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Flame on Processes Documentation

Processes (and networks, but that's another story) are nasty things
to work with at best, and when you are making up your own vocabulary
and you can't communicate the distinctions easily, it makes working
with them much worse.  The Book 14 manual secion 1.3, Scheduler Concepts,
is the proper place to lay the groundwork for this ontology, and
Figure 1. Process States on p. 7 should have reinforced this and
made it perfectly clear.  It does the opposite.
  We start out:  A process can be in one of several states.
Fine, O.K., this means they are mutually exclusive.  Actually,
since the states form a hierarchy of types, a process can be
in many states at once (e.g. both RUNNABLE and ACTIVE), but this
is easily understood by the reader.
..Figure 1 should therefore have an uncircled entry, Process States,
at the top of the drawing, that has lines that split between Alive
and Dead. (this assumes the following:)
  We next learn about Alive and Dead states, and we learn that all
Dead processes are Frozen, and consume very few resources.
>From the previous line, we can safely assume that Alive and Dead
are mutually exclusive (they normally are).
  "Live processes" [binds to Alive processes] are further subdivided
into Active and Stopped processes.
  A quick glance at the figure shows that Stopped processes are
classified under Dead, that is, they are on the Dead side.  However,
there is clearly an arc going from Alive (which for some reason
is not circled) to Stopped.  Thus, a Stopped process is both Alive
and Dead.  But these were supposed to be mutually exclusive.
  Stopped processes can either be Suspended or Frozen.
So if they are, draw a picture with two more arcs, just like Active
splitting into Runnable and Blocked!  Don't stack them up!
  However, we previously learned that "A Dead process consumes very
little resources--it is Frozen."  e.g. all dead processes are frozen.
Presumably, all stopped processes are Dead (it's on that side of
the drawing), and we already know all Frozen processes are Stopped.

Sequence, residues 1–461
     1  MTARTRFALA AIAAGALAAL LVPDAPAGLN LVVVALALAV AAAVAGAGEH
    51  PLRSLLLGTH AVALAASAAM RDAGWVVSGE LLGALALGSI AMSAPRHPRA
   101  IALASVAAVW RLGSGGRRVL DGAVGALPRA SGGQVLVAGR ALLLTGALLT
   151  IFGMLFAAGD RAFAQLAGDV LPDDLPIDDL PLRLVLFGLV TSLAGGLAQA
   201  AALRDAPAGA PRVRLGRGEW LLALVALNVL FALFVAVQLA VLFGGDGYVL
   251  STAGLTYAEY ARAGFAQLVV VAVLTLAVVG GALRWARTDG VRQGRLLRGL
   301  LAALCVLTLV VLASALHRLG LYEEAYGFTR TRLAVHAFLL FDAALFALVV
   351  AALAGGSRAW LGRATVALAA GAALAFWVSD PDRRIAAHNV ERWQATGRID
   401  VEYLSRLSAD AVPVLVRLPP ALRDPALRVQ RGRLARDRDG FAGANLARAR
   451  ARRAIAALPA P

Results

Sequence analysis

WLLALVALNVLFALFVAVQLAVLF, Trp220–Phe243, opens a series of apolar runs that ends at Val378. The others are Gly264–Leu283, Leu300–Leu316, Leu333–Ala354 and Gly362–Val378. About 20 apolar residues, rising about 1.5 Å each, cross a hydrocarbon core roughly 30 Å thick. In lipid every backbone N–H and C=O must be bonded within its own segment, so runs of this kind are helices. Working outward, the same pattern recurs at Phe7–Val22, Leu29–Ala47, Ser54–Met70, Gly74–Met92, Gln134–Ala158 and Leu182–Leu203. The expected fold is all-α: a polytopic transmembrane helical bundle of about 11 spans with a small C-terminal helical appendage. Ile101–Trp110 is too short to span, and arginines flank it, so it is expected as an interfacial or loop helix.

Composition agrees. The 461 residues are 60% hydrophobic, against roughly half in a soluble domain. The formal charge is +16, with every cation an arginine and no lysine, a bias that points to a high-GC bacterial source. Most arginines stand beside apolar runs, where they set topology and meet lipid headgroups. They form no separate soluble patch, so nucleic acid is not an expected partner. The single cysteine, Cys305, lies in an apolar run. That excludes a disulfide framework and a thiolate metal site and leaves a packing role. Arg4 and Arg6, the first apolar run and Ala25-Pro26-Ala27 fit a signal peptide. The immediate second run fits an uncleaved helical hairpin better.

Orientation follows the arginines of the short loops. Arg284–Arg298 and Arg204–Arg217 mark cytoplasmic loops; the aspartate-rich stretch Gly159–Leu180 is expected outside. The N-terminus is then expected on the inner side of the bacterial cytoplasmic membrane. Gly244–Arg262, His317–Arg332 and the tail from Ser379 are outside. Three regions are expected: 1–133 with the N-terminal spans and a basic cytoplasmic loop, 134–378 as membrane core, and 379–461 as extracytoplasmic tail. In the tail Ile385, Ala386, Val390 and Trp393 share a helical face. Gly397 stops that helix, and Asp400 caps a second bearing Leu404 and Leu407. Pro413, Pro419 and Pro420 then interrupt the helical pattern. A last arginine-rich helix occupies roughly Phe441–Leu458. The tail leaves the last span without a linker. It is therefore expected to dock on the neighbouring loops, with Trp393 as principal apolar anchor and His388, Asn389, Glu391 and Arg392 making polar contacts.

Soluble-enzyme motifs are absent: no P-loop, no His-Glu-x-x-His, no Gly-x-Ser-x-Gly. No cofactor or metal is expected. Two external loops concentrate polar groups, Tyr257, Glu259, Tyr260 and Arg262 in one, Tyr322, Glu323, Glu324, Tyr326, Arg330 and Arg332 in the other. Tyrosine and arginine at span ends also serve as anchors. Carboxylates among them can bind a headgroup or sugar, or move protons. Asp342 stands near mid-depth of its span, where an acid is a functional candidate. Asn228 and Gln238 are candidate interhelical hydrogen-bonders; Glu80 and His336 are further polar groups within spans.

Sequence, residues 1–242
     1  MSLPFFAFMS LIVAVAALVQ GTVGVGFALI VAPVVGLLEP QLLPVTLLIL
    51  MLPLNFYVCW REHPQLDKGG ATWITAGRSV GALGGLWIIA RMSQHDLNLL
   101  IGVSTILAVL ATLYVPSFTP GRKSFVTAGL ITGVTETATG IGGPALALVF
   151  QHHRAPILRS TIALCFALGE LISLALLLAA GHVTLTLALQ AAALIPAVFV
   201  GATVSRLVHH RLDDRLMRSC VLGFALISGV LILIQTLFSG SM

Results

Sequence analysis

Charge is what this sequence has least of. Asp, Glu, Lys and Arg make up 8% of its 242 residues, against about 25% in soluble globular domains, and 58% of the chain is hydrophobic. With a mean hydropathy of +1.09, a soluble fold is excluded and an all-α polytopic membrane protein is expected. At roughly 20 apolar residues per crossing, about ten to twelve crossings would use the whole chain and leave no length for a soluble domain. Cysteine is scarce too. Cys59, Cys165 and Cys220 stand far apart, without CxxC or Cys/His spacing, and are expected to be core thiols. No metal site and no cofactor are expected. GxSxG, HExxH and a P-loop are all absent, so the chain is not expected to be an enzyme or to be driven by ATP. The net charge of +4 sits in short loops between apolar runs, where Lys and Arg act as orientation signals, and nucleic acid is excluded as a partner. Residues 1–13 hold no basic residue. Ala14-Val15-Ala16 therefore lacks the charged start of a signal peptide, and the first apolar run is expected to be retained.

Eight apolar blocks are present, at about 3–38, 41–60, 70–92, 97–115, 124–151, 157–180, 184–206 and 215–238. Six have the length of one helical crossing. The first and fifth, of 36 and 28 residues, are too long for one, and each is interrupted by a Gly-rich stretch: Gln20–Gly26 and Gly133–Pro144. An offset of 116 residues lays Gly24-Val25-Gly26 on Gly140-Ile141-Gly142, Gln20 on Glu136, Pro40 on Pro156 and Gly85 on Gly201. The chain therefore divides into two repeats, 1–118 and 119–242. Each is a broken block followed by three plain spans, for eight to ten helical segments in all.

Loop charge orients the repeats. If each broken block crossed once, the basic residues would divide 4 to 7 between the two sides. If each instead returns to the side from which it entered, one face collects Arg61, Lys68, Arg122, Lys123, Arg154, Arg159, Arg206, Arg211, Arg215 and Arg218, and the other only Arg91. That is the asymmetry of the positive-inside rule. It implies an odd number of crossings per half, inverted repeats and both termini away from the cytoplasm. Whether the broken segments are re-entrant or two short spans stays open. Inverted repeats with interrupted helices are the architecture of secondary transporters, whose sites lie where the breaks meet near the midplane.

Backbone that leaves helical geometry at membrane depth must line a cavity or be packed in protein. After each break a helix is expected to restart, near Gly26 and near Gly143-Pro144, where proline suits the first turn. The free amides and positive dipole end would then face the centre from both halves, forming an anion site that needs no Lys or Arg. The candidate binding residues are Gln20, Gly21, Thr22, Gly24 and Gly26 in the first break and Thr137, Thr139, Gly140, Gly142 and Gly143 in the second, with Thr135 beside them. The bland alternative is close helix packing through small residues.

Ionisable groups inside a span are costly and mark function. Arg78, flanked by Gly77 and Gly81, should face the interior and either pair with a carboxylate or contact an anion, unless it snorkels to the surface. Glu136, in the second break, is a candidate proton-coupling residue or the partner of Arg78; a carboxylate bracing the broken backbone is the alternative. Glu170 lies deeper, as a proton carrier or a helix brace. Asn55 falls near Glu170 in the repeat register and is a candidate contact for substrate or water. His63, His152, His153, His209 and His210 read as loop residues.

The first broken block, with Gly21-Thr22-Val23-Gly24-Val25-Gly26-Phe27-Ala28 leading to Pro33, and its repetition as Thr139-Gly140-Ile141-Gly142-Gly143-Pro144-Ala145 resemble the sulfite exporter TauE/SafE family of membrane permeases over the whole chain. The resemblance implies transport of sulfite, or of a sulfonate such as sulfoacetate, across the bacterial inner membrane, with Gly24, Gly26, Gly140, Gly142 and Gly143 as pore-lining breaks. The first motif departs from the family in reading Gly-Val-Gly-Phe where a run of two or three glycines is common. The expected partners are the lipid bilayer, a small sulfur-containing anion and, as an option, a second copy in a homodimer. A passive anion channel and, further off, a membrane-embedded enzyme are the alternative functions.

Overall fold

Some people would call this a "non-transitive relationship".
However, this does not leave room for the Suspended processes, which
presumably are also Dead and therefore Frozen...
  Suspended processes are "ready to run", as are Runnable processes.
This quality is not shown on the diagram, but it could be a box,
or a label without a border, above and pointing to runnable and suspended.
  "The internal state of a frozen process is the same as that of a
Dead process except that the Frozen process is still accessible..."
So Frozen processes and Dead processes are similar but not
supersets or restrictions one of the other.
  Both Active and Stopped processes have other names, but these
are not shown (perhaps inside parenthises, in smaller case) in
the drawing.
  Waiting processes are not shown at all, and yet the next section
says that Waiting and Blocked are two different states.

  The apparently significant difference between Suspended processes
and Blocked processes is never discussed.  I still don't understand this.
If I want a process to be not running, but ready to start, should
I try to make it Blocked, or make it Suspended?  What considerations
should I use in my decision?  process:disable is used to Stop a process--
what commands Freeze or Suspend a process?

Where are Aborted processes and Killed processes on the diagram?

Documentation for the sleep command says it waits, when actually
sleep Blocks.

Let's keep those descriptions tight!
  John Myers~~